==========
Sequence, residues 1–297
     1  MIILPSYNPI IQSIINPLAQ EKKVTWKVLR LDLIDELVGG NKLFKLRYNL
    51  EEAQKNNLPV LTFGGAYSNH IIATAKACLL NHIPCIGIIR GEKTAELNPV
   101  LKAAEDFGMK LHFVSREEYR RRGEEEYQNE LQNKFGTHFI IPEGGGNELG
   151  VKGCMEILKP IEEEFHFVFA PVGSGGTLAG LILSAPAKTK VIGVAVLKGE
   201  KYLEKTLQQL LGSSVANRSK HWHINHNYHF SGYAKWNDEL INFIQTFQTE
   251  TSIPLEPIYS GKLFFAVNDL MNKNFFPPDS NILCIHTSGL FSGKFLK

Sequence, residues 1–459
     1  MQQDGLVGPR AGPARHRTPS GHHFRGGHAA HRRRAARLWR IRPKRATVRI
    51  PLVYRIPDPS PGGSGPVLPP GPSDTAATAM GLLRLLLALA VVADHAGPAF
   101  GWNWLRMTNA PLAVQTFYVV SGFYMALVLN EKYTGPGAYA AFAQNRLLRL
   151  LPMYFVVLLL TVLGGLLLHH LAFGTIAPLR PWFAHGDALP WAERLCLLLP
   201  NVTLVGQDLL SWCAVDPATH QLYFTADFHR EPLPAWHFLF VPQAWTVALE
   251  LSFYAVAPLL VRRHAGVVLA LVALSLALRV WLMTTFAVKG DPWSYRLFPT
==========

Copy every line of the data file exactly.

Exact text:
Sequence, residues 1–297
     1  MIILPSYNPI IQSIINPLAQ EKKVTWKVLR LDLIDELVGG NKLFKLRYNL
    51  EEAQKNNLPV LTFGGAYSNH IIATAKACLL NHIPCIGIIR GEKTAELNPV
   101  LKAAEDFGMK LHFVSREEYR RRGEEEYQNE LQNKFGTHFI IPEGGGNELG
   151  VKGCMEILKP IEEEFHFVFA PVGSGGTLAG LILSAPAKTK VIGVAVLKGE
   201  KYLEKTLQQL LGSSVANRSK HWHINHNYHF SGYAKWNDEL INFIQTFQTE
   251  TSIPLEPIYS GKLFFAVNDL MNKNFFPPDS NILCIHTSGL FSGKFLK

Sequence, residues 1–459
     1  MQQDGLVGPR AGPARHRTPS GHHFRGGHAA HRRRAARLWR IRPKRATVRI
    51  PLVYRIPDPS PGGSGPVLPP GPSDTAATAM GLLRLLLALA VVADHAGPAF
   101  GWNWLRMTNA PLAVQTFYVV SGFYMALVLN EKYTGPGAYA AFAQNRLLRL
   151  LPMYFVVLLL TVLGGLLLHH LAFGTIAPLR PWFAHGDALP WAERLCLLLP
   201  NVTLVGQDLL SWCAVDPATH QLYFTADFHR EPLPAWHFLF VPQAWTVALE
   251  LSFYAVAPLL VRRHAGVVLA LVALSLALRV WLMTTFAVKG DPWSYRLFPT